What are the pros and cons of central lab versus point-of-care (POC) troponin testing?

AIn the emergency department (ED), POC testing for cardiac troponin I or T can be attractive due to its speed. However, labs need to account for many other crucial factors in addition to turnaround time (TAT) when choosing a method.

In the case of assay sensitivity and specificity, it has been reported that all detectable levels of cardiac troponin are associated with negative outcomes (J Am Coll Cardiol 2017;70:2226-36); therefore, the superiority of central laboratory testing in these areas is an essential consideration. Regarding commutability, another shortcoming of POC is that initial results must be rebaselined with the central lab method in patients tested serially over time. POC devices are also often operated by busy non-laboratory clinical personnel, which leads to a documented increase in error rates associated with patient identification, sample handling, testing, and reporting.

Overall, central lab testing has advantages over POC in all areas save TAT (Pract Lab Med 2016;4:22-9)—and in-lab TAT can be improved through aggressive, coordinated interdisciplinary action.

What is a reasonable TAT for in-lab troponin testing?

A commonly cited TAT target is 60 minutes from the time of blood collection to the reporting of results through the lab information system (LIS) (Clin Chem 2018; doi: 10.1373/clinchem.2017.277186), or an even more challenging 60 minutes or less (e.g., 45 minutes) from order to result (Arch Pathol Lab Med 2004;128).

How did your institution reduce TAT for in-lab testing?

The clock starts ticking the moment an order is placed, so at Asante Rogue Regional Medical Center (ARRMC), we’ve placed phlebotomists in the ED who are alerted via mobile device as soon as a troponin ED order comes in. A phlebotomist collects the sample either by venipuncture (preferred) or through an IV started by a nurse, then inverts the sample appropriately before sending it to the lab via a pneumatic tube system.

An alarm sounds once the sample arrives in the lab. The lab specimen processor receives the sample in the LIS then places the sample in a stat centrifuge, starting an audible timer while issuing a verbal handoff to a technologist. Once the sample is spun, the technologist bypasses the automation line and manually loads the sample into the analyzer. An ED trackboard monitors time-sensitive metrics, displaying information such as patient identification, test name, time collected, time received, and time to result countdown (set to 30 minutes from receipt), with all information turning from black to red when overdue.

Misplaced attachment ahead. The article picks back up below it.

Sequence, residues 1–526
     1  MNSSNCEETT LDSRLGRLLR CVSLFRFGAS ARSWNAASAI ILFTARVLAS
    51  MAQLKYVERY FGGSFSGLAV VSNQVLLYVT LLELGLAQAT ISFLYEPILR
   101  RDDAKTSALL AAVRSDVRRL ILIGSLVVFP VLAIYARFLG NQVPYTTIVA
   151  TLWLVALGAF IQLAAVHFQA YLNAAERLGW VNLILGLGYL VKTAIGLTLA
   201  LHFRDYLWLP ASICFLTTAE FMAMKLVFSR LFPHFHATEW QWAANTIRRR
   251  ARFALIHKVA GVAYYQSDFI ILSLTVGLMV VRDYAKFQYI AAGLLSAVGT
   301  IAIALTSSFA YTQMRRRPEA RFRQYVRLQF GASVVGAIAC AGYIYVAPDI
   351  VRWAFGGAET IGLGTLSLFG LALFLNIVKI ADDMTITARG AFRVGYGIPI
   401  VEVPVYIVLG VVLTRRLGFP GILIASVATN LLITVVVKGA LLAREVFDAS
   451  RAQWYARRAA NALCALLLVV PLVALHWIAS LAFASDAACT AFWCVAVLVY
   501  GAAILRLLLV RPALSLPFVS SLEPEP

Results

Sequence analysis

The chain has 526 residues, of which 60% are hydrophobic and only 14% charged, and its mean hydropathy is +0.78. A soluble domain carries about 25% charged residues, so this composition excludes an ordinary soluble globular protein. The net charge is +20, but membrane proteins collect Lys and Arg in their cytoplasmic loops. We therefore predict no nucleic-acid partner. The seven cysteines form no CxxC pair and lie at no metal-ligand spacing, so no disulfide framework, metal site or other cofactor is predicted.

With which other departments did you coordinate on this initiative?

We worked closely with our ED leadership team (medical director, nursing, and monitor techs), lab phlebotomy team, and processing and technical staff, initially meeting on a weekly basis to change our culture of ordering, collecting, processing, and testing. We tracked key delays in each of these areas as well as hemolysis, inadequate sample mixing, and short draws—all metrics that are continuously monitored to this day. A side benefit of this effort has been greatly improved communication and cooperation between the lab, ED, and cardiologists. Additionally, ED test orders, test parameters, and trackboards were built by our LIS team per specifications from the central laboratory.

What were the results of this initiative?

We’ve maintained high-quality in-lab troponin testing (CV <10% at the 99th percentile upper reference limit) at a lower cost than POC with excellent TAT metrics with the benefit of commutability of results from the ED to the Critical Care Unit. Recent TAT data has shown our median receipt to result to be 20 minutes and a median order to result to be 50 minutes. ARRMC was also recognized this year as number 1 in the U.S. for medical excellence in interventional coronary care by the CareChex hospital and health system rating organization.

Jack Montgomery, MLS(ASCP)CM, is the chemistry technical specialist at Asante Rogue Regional Medical Center in Medford, Oregon. +Email: jack.montgomery@asante.org